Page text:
Background: Medication adherence is a critical aspect of managing cardiometabolic conditions, including diabetes, hypertension, dyslipidemia, and heart failure. Patients who have multiple cardiometabolic conditions and multiple prescribers may be at increased risk for nonadherence. Objective: The purpose of this study was to examine the relationship between number of prescribers, number of conditions, and refill adherence to oral medications to treat cardiometabolic conditions. Methods: In this retrospective cohort study, 7933 veterans were identified with 1 to 4 cardiometabolic conditions. Refill adherence to oral medications for diabetes, hypertension, and dyslipidemia was measured using an administrative claims–based continuous multiple-interval gap (CMG) that estimates the percentage of days a patient did not possess medication. We dichotomized refill adherence for each condition as a CMG ≤20% for each year of analysis. Condition-specific logistic regression models estimated the relationship between refill adherence and number of cardiometabolic conditions and number of prescribers, controlling for demographic characteristics, other comorbidities, and a count of cardiometabolic drug classes used. Results: Compared with patients with 1 prescriber, antihypertensive refill adherence was lower in patients seeing ≥4 prescribers (odds ratio [OR] = 0.69; 95% CI = 0.59-0.80), but the number of cardiometabolic conditions was not a significant predictor. Antidyslipidemia refill adherence was lower in patients seeing 3 prescribers (OR = 0.80; 95% CI = 0.70-0.92) or ≥4 prescribers (OR = 0.77; 95% CI = 0.64-0.91). Conversely, antidyslipidemia refill adherence improved with the number of cardiometabolic conditions, but differences were only statistically significant for ≥3 conditions (OR = 1.31; 95% CI = 1.09-1.57). In multivariate regression models, the number of conditions and number of prescribers were not significant predictors of refill adherence in the group of patients with diabetes. Conclusions: Effective management of care and medication regimens for complex patients remains an unresolved challenge, but these results suggest that medication refill adherence might be improved by minimizing the number of prescribers involved in a patient’s care, at least for hypertension and dyslipidemia.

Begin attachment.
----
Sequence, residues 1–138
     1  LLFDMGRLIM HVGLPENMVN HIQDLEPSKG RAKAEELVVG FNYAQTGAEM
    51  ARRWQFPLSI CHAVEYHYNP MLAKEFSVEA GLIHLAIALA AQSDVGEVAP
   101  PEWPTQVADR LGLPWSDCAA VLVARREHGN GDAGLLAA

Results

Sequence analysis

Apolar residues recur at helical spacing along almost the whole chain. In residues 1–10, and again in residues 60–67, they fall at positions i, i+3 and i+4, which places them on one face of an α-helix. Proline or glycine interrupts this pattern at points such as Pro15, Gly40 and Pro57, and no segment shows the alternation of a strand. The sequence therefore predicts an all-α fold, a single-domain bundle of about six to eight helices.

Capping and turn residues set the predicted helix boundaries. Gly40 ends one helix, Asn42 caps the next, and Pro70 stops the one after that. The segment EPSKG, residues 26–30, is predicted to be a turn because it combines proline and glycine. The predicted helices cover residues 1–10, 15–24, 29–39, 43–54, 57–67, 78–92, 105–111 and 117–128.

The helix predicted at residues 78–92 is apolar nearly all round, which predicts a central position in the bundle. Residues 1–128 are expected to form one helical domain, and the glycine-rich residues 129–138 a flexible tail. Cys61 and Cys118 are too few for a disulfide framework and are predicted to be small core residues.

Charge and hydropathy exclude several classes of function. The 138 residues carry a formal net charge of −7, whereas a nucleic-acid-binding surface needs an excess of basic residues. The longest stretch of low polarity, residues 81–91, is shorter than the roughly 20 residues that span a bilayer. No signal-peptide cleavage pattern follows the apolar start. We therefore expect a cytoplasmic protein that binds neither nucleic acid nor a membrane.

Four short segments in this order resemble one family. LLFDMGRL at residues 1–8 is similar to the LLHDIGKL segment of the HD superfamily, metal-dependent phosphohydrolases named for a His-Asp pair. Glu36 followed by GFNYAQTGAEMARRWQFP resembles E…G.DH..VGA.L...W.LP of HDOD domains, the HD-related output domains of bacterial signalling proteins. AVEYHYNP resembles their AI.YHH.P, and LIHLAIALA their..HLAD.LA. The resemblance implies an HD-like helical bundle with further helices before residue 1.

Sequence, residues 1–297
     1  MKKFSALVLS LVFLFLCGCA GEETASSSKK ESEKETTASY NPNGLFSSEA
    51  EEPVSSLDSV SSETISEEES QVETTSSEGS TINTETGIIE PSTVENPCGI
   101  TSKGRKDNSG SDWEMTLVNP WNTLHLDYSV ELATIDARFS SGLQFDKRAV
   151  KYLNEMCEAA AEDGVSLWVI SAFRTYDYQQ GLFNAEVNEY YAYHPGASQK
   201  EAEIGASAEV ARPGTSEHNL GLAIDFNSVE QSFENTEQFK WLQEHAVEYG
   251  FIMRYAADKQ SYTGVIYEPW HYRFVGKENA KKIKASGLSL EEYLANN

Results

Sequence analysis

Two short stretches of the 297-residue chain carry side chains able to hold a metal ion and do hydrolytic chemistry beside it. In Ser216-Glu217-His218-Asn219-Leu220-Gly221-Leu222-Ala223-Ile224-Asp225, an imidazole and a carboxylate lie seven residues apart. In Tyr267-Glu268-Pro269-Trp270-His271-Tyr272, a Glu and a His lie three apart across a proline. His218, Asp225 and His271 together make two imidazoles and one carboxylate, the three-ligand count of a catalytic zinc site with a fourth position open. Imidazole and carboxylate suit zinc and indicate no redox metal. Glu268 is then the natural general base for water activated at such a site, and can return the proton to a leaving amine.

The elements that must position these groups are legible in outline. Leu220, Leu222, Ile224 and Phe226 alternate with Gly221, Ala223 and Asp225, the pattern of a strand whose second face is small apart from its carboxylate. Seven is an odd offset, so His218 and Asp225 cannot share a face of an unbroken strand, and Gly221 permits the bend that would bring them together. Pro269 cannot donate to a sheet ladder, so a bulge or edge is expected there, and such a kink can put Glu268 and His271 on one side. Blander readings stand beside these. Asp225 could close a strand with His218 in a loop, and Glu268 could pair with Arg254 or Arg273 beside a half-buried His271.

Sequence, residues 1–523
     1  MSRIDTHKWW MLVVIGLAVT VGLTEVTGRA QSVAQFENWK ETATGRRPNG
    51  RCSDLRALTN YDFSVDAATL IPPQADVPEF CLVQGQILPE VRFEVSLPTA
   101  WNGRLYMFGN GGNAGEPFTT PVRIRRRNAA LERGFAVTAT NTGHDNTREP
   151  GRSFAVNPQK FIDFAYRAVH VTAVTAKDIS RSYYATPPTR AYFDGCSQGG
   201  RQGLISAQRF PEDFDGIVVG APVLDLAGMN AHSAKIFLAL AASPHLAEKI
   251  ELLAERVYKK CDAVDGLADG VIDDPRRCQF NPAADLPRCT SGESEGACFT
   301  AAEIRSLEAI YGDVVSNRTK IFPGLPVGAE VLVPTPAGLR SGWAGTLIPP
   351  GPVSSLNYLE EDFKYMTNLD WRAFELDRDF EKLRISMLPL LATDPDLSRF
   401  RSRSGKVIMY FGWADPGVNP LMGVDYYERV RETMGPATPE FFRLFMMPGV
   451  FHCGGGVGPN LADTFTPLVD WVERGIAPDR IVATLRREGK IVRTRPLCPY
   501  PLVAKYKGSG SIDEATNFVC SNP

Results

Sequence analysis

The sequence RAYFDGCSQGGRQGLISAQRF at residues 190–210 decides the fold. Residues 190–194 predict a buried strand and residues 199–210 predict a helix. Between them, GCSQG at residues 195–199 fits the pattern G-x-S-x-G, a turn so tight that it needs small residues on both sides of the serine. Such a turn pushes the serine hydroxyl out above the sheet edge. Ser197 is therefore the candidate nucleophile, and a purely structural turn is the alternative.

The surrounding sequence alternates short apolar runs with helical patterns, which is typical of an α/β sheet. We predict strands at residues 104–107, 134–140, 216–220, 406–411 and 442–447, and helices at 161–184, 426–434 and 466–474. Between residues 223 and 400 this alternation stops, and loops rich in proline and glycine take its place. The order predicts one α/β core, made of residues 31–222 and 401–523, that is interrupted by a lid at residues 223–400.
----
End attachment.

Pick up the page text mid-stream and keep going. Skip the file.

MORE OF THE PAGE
Bibliographical noteFunding Information:
The author(s) disclosed receipt of the following financial support for the research, authorship, and/or publication of this article: This research was funded by the Agency for Healthcare Research and Quality (R21 HS019445). This work was also supported by the Office of Research and Development, Health Services Research and Development Service, Department of Veterans Affairs. Dr Maciejewski was also supported by a Research Career Scientist award from the Department of Veterans Affairs (RCS 10-391).
© The Author(s) 2014
- complex patient